Sheets was ill and at home answering phone messages the day The Messenger spoke with her, but verified information as best she could from memory.

When asked how the firm determined exactly what residents would be included in the complaint, she said they used databases to determine the homes in the area. 

“Quite frankly it’s not that hard,” she said. “I believe there were either 1,300 or 1,800 in the four-mile radius, which is not a lot, but that’s because it is a rural area.” 

The firm paid for a database of addresses to send out the initial investigative mailing (data sheets) and then “doubled down and fined tuned the list by paying  a substantial amount for a comprehensive database of addresses when they knew they had a resolution.”

According to Sheets, the notices were sent out by first class mail, which has been determined the best and most accurate way to contact residents in these cases. On top of that, Sheets said a notice was published in the Steubenville Herald Star and it was posted on the firm’s website. 

“We do this in hope that people will start talking,” she said. 

“Most residents who contacted us have been wonderful. They want to confirm, should they or shouldn’t they have gotten a check. For some people, unfortunately, I can tell them by looking at our records that I mailed things to you, four, five and sometimes six times and never heard from you.” 

“We want people to participate,” she continued. “We mailed the class several times to get people to join on and help us out. When Judge Bruzzese (Michael J. Bruzzese, Jr., Jefferson County Common Pleas Court) certified the class, we were required to send out notice that we had in fact been certified and gave them the opportunity to opt out.”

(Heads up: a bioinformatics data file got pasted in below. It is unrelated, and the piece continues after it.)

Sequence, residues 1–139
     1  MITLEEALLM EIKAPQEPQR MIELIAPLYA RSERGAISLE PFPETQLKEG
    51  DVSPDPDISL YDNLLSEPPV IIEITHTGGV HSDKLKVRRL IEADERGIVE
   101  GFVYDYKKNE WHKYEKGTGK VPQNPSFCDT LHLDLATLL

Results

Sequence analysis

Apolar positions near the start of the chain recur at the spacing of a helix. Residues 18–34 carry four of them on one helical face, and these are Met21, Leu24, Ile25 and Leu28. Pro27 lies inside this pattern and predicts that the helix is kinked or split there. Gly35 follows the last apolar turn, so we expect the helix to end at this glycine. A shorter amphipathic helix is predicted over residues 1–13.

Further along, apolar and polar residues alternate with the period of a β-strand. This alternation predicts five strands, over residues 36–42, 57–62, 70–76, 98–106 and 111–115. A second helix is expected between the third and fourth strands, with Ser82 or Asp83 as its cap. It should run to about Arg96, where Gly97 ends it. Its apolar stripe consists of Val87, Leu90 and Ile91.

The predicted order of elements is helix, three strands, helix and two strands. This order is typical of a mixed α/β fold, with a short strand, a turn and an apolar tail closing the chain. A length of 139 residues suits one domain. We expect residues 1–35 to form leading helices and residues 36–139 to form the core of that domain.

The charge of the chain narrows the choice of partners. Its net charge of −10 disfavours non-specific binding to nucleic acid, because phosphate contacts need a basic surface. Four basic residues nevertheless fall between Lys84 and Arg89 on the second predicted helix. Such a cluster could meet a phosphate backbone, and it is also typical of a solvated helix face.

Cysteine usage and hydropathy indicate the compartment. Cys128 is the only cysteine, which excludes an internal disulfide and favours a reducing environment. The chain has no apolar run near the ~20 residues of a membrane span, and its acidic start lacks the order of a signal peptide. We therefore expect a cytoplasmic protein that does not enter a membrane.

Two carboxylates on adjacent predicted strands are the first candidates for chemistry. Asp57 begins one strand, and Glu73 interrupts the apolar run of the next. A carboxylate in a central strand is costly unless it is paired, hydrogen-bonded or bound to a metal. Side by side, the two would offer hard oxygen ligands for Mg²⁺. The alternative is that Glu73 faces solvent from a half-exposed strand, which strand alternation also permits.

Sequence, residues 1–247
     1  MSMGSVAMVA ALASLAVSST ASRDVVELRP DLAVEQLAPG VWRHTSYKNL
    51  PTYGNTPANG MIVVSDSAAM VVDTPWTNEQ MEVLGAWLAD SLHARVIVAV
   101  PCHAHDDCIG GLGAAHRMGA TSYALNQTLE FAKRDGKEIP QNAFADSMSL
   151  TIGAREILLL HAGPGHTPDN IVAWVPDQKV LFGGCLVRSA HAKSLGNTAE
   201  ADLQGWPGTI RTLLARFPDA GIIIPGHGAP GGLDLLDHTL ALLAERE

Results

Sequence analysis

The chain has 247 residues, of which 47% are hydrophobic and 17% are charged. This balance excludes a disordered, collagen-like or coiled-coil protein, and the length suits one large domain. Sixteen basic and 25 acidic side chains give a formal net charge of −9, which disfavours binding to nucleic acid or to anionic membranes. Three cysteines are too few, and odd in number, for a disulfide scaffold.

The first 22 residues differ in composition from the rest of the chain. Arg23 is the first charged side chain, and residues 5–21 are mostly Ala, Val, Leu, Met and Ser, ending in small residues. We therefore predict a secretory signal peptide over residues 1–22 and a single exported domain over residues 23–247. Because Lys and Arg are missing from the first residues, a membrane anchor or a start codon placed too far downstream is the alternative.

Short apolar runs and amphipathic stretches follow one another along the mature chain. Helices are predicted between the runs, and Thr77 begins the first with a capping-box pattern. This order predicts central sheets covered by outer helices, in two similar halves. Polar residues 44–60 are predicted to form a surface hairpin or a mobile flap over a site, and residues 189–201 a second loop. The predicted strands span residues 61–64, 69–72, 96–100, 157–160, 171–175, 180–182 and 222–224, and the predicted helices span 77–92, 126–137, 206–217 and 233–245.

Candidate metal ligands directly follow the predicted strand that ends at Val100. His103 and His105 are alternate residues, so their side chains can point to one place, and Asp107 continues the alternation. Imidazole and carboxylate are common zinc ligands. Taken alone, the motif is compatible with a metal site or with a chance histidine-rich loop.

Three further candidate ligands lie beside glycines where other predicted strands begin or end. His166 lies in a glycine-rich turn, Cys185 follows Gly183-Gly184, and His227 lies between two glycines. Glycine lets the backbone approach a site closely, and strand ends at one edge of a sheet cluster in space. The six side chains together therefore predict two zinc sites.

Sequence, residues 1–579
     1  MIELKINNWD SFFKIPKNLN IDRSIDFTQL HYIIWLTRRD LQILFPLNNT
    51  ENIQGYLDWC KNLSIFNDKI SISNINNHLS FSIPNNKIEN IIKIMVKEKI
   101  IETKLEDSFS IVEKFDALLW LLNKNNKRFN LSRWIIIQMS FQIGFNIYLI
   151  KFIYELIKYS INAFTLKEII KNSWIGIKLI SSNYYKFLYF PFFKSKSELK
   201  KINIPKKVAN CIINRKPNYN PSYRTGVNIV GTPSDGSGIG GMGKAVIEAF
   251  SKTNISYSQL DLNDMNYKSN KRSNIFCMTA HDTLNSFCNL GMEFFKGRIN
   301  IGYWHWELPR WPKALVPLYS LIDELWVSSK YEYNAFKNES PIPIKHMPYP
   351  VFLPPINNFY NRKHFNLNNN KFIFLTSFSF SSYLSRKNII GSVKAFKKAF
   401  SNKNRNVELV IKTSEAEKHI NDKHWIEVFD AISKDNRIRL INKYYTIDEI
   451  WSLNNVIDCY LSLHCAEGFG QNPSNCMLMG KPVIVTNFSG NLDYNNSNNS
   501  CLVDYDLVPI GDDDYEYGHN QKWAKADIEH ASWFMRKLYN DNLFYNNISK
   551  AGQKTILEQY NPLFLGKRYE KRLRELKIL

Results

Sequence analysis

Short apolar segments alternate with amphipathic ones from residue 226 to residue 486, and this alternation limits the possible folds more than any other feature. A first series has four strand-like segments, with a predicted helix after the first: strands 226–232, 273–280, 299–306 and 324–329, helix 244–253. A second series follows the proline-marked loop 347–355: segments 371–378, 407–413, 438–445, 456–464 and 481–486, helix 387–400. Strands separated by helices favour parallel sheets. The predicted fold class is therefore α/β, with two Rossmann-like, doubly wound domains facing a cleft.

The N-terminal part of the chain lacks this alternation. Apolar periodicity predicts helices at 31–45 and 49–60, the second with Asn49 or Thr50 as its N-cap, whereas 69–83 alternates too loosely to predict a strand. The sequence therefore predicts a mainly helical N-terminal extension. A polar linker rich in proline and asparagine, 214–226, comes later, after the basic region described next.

Sheets said the firm received four opt outs. The notice of settlement was of different substance but was sent to all the addresses except the four who opted out.

By law, every time the firm mailed information to the residents prior to it being certified as a class action lawsuit, it was required to put an advertisement on the front and the letter that, according to Sheets, looked like a solicitation from a law firm. 

“People don’t want to see solicitation letters from law firms and they typically throw it out, which hindered our ability to investigate,” she explained, adding, “once the case is certified the advertising comes off the mailing.” The envelopes then included the language “APEX” landfill settlement.